Debbie Smith Act Reauthorization Passes House Committee

Jun 10, 2008
Press Release

WASHINGTON, DC – “The Debbie Smith Reauthorization Act of 2008” (H.R. 5057), legislation that would extend an important federal DNA backlog processing program through FY 2014, was voted out of the House Judiciary Committee today.  The bill is named for a rape survivor who testified before Congress about the use of DNA evidence.  Congresswoman Carolyn B. Maloney (D-NY) introduced the bill, and House Judiciary Committee Chairman John Conyers (D-MI) and House Judiciary Committee Ranking Member Lamar Smith (R-TX) are original co-sponsors.

“Passing the original Debbie Smith bill was a huge victory for Debbie Smith, and for the thousands of rape survivors like her.  That bill is set to expire soon, but I will not stand by and let rapists roam free while the DNA evidence that could convict them goes unprocessed.  Reauthorizing the Debbie Smith Act will ensure we continue to keep criminals off our streets and put them in prison where they belong,” said Rep. Maloney“I want to thank Chairman Conyers and Ranking Member Smith for their help in moving this important bill forward.”

“This important legislation is due to expire with the end of fiscal year 2009, but the work is not finished.  In order to provide victims with the justice that our constitution promises, we need to continue this effort for five more years.  My case was solved through the use of DNA and I want every victim to have the same opportunity in their case.  Congresswoman Maloney is a champion for victims’ rights and this effort to reauthorize the Debbie Smith Act shows her continued concern and support for victims,” said Debbie Smith.

Rep. Maloney authored the original “Debbie Smith Act” after rape survivor Debbie Smith testified before the House Government Reform Committee in June 2001 about using DNA evidence to solve rape cases.  Debbie was raped near her home in 1989, and for six and a half years she lived in fear that her attacker would return to kill her.  Debbie was finally able to live without fear when she learned that her rapist had been identified because of DNA evidence and was already in prison.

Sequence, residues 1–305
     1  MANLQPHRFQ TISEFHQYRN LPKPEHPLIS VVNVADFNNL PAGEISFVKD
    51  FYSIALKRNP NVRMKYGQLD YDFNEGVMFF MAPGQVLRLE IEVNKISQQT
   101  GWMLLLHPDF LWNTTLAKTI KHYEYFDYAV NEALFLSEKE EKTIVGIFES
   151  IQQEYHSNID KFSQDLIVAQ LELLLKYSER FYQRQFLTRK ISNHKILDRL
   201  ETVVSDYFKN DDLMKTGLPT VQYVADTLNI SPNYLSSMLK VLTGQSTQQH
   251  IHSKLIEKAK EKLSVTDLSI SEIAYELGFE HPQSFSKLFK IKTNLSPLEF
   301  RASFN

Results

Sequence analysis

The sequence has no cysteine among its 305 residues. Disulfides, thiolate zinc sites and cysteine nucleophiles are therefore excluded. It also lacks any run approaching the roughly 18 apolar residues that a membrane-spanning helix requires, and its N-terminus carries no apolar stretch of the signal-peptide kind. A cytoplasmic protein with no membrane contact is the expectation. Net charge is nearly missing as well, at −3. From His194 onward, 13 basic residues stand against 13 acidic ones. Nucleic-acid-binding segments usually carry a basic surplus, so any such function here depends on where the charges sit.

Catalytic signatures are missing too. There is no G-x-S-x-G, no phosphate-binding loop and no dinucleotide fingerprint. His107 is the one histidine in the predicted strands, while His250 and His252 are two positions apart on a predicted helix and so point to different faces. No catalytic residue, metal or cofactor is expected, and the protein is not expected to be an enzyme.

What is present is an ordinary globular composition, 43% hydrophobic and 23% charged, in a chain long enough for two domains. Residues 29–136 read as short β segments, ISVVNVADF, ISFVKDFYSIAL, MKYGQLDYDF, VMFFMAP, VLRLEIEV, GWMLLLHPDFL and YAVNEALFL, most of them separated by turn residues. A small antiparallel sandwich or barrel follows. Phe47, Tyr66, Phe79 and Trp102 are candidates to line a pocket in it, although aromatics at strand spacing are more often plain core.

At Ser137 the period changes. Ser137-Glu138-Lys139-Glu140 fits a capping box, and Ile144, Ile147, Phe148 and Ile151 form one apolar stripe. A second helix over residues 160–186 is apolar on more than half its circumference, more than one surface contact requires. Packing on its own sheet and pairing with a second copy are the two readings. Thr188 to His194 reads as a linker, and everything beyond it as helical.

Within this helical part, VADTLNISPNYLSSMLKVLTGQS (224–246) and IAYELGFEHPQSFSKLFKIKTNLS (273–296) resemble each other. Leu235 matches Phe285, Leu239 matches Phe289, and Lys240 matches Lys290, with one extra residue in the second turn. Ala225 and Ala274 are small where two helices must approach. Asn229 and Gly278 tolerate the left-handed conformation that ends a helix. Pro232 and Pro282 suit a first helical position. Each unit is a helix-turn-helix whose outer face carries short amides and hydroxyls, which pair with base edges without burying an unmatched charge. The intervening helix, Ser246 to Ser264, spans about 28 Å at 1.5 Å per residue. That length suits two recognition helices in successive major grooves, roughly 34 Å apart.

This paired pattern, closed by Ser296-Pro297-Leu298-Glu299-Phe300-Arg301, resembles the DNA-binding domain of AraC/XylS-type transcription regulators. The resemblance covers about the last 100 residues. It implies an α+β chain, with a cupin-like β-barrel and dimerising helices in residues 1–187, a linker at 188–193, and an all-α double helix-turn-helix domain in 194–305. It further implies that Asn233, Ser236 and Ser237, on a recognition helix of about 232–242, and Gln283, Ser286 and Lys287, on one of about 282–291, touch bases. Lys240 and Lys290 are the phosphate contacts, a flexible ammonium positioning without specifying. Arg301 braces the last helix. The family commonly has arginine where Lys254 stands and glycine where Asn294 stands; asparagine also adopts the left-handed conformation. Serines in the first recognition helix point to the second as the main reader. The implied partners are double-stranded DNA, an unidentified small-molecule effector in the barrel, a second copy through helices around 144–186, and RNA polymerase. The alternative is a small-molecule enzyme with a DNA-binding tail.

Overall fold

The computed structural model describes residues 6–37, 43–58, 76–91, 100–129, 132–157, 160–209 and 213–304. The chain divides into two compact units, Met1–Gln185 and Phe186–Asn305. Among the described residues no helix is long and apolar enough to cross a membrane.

“Thanks to the courage of Debbie Smith and her tireless efforts, we have made strides in reducing the DNA sample backlog in the nation’s labs,” Chairman Conyers said.  “Yet, there is much to do.  As the technology has become more popular, police and prosecutors are relying on it in ever-increasing numbers, which has prevented the backlog from reducing as much as we had hoped.  So, today we have recommitted ourselves to reducing the backlog to bring the guilty to justice, free the wrongly accused, and ensuring that justice is served.”

Ranking Member Smith said, “According to the Justice Department, one person is raped in the U.S. every 2.7 minutes.  That means 22 Americans become the victims of rape every hour, 528 every day and over 3600 per week.  In addition to strengthening our law enforcement efforts to prevent these devastating crimes, Congress has a responsibility to ensure justice for rape victims and tough sentences for rapists. The Debbie Smith Act protects women by providing federal funding to process the DNA evidence needed to take violent criminals off the streets.”

The original “Debbie Smith Act” was signed into law in 2004 as part of “The Justice for All Act,” comprehensive legislation that ensured that DNA evidence could be used to convict the guilty and free the innocent.  Since then, millions of dollars of federal funding have been appropriated under the Debbie Smith DNA Backlog Grant Program to process the thousands of unprocessed DNA evidence kits - including rape kits - across the country. 

“RAINN applauds Congresswoman Maloney for her continued leadership in championing the use of DNA in solving crimes of sexual violence,” said Scott Berkowitz, president and founder of RAINN (Rape, Abuse & Incest National Network).  “Congresswoman Maloney played a critical role in passing the original 'Debbie Smith Act' and today's approval to extend its authorization would not be possible without her.  The 'Debbie Smith Act' is the most important piece of anti-rape legislation Congress has ever passed and we urge the House and the Senate to act quickly on its reauthorization, which will help to take thousands of rapists off our streets.”

A bipartisan coalition of members of Congress, organizations, and crime victims like Debbie Smith worked together to pass the original “Debbie Smith Act.”  The president signed the bill into law just as police in New York State made their first arrest, based on an indictment of a DNA sample (“John Doe”), of a suspect in a sexual assault case from 1996.  The landmark law is set to expire at the end of FY 2009, but the reauthorization bill would extend the important program until 2014.

For more information on the Debbie Smith Act, click here: